2. Clinical application of transient elastography in patients with chronic viral hepatitis receiving antiviral treatment.

    PubMed

    Kim, Jun Hyung; Kim, Mi Na; Han, Kwang-Hyub; Kim, Seung Up

    2015-04-01

    Accurate evaluation of the degree of liver fibrosis in patients with chronic liver diseases (CLD) is crucial, as liver fibrosis is important in determining the prognosis of liver diseases. Currently, liver biopsy (LB) is considered the gold standard for staging liver fibrosis or cirrhosis. However, utilization of LB in clinical practice is often limited because of its invasive nature, sampling error and interobserver variability. Recently, transient elastography (TE) was introduced as a noninvasive, highly reproducible technique for assessing the degree of liver fibrosis. After extensive studies, TE is now regarded as a reliable surrogate marker for grading the severity of liver fibrosis in patients with CLD. In the past few years, the role of TE in monitoring liver stiffness and determining prognosis in patients with chronic hepatitis B (CHB) or chronic hepatitis C (CHC) who are undergoing antiviral treatment has been investigated. In patients with CHB, liver stiffness values decrease with antiviral treatment. TE can also be used to predict the incidence of liver-related events during antiviral treatment. In patients with CHC, TE can be used to monitor potential regression of liver fibrosis after antiviral treatment and may predict the treatment outcome of CHC. In addition, TE is an adjunct tool for distinguishing inactive hepatitis B virus carriers from patients with chronic active hepatitis. This review article discusses the important findings from recent studies focusing on the clinical application of TE in patients with chronic viral hepatitis who are undergoing antiviral treatments. PMID:24976523

  3. Etanercept treatment in rheumatoid arthritis patients with chronic kidney failure on predialysis.

    PubMed

    Cho, Soo-Kyung; Sung, Yoon-Kyoung; Park, Songree; Bae, Sang-Cheol

    2010-09-01

    Rheumatoid arthritis (RA) patients with chronic kidney failure are intolerant to most disease-modifying antirheumatic drugs (DMARDs) and NSAIDs due to their potential toxicities. Although the tumor necrosis factor (TNF) inhibitors have emerged as a highly effective treatment for RA, their safety and efficacy in RA patients with chronic kidney failure have not been well reported. We retrospectively evaluated the safety and efficacy of etanercept treatment in RA patients with chronic kidney failure. We describe three RA patients with chronic kidney failure who had been treated with DMARDs, steroids and NSAIDs, but were discontinued from these classical agents due to several side effects and nephrotoxicity. The patients were treated with 25 mg of etanercept once or twice a week. We evaluated disease activity and used decreasing renal function and increasing number of infections to monitor safety. All three patients improved after starting etanercept treatment and their steroid requirements were decreased. Linear relationships between Modification of Diet in Renal Disease study equation (MDRD) glomerular filtration rate (GFR) and time were observed. Thus, in all patients, the changes in GFR did not represent superimposed acute drug toxicity, but rather chronic progressive renal failure. These cases show that etanercept may be a safe and effective treatment option for RA patients with chronic kidney failure.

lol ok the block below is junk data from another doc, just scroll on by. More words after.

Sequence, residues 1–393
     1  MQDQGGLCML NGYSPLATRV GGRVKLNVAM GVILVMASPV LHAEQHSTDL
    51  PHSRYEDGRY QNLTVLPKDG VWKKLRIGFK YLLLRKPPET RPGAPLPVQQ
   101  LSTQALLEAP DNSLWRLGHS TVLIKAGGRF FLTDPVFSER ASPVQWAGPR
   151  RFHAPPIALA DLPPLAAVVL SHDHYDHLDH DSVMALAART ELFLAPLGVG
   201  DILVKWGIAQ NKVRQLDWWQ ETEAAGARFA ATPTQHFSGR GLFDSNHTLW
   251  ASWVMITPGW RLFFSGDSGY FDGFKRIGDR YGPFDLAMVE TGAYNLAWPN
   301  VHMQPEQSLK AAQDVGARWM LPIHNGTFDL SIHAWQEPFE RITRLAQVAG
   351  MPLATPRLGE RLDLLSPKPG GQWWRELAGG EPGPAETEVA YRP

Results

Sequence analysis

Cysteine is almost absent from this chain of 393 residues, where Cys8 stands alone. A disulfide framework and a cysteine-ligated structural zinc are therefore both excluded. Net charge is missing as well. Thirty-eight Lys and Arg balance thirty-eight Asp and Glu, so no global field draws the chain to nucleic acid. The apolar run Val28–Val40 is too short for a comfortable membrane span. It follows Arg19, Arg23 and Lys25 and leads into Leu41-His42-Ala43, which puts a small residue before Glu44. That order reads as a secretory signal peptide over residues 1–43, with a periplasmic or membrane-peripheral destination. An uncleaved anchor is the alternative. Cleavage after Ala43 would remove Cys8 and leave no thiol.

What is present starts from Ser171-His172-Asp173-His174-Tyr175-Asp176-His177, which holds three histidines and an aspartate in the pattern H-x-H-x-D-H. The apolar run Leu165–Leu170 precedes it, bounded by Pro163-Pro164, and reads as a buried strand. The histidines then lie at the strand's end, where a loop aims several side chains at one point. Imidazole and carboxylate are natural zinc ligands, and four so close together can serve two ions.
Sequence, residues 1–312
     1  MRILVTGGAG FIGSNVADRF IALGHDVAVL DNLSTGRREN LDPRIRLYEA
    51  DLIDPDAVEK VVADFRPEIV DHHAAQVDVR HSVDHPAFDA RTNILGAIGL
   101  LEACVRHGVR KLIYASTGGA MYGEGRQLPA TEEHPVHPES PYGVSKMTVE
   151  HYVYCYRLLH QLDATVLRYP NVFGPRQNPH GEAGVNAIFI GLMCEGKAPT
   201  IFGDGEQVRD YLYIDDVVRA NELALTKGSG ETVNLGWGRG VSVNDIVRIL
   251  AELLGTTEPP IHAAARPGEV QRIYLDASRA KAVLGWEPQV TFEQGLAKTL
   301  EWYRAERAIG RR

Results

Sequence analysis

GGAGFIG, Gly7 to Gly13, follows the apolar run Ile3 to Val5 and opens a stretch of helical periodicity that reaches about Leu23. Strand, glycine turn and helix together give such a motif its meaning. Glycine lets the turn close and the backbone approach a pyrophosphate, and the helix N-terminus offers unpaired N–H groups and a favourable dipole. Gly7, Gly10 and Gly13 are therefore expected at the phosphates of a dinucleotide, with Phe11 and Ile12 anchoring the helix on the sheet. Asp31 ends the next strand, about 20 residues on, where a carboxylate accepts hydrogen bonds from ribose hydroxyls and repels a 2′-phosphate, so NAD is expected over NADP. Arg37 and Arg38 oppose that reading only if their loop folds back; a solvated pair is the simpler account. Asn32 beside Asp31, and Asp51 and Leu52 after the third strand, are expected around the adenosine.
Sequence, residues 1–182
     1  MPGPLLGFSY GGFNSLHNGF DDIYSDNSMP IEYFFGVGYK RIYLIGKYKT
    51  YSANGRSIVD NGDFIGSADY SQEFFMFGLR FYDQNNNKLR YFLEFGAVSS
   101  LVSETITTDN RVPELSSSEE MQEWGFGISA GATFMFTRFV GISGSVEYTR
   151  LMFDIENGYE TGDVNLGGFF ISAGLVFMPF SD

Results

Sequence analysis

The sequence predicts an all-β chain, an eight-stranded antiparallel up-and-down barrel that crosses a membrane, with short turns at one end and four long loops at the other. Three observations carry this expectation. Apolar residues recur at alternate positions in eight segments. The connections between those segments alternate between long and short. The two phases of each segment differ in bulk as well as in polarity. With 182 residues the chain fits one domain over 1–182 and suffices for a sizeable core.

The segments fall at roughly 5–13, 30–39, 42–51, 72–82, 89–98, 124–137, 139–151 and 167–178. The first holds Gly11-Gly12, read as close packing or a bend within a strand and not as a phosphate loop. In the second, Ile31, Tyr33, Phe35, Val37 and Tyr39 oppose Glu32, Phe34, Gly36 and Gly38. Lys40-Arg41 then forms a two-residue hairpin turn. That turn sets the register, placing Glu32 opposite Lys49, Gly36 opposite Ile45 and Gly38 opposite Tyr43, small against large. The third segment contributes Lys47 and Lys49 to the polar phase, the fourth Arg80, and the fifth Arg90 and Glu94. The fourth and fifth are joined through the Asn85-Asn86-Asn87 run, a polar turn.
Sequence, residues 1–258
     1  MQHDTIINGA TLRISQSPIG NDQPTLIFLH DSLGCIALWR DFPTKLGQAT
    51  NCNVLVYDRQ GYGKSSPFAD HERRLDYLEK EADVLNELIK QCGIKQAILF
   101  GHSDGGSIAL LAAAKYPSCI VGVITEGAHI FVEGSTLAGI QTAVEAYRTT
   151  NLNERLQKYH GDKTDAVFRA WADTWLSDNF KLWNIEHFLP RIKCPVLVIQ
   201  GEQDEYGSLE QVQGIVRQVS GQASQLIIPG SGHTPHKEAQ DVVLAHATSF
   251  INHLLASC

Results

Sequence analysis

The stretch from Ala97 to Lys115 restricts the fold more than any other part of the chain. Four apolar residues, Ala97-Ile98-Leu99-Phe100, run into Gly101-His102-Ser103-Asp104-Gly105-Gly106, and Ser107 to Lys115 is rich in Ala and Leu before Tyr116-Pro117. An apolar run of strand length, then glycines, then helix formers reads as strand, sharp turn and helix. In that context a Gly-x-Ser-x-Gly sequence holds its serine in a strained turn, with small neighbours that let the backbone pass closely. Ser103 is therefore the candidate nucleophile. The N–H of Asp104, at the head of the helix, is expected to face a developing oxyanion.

4. Pain volatility and prescription opioid addiction treatment outcomes in patients with chronic pain.

    PubMed

    Worley, Matthew J; Heinzerling, Keith G; Shoptaw, Steven; Ling, Walter

    2015-12-01

    The combination of prescription opioid dependence and chronic pain is increasingly prevalent and hazardous to public health. Variability in pain may explain poor prescription opioid addiction treatment outcomes in persons with chronic pain. This study examined pain trajectories and pain volatility in patients with chronic pain receiving treatment for prescription opioid addiction. We conducted secondary analyses of adults with chronic pain (n = 149) who received buprenorphine/naloxone (BUP/NLX) and counseling for 12 weeks in an outpatient, multisite clinical trial. Good treatment outcome was defined as urine-verified abstinence from opioids at treatment endpoint (Week 12) and during at least 2 of the previous 3 weeks. Pain severity significantly declined over time during treatment (b = -0.36, p < .001). Patients with greater pain volatility were less likely to have a good treatment outcome (odds ratio = 0.55, p < .05), controlling for baseline pain severity and rate of change in pain over time. A 1 standard deviation increase in pain volatility was associated with a 44% reduction in the probability of endpoint abstinence. The significant reduction in subjective pain during treatment provides observational support for the analgesic effects of BUP/NLX in patients with chronic pain and opioid dependence. Patients with greater volatility in subjective pain during treatment have increased risk of returning to opioid use by the conclusion of an intensive treatment with BUP/NLX and counseling. Future research should examine underlying mechanisms of pain volatility and identify related therapeutic targets to optimize interventions for prescription opioid addiction and co-occurring chronic pain.

  5. Pain volatility and prescription opioid addiction treatment outcomes in patients with chronic pain.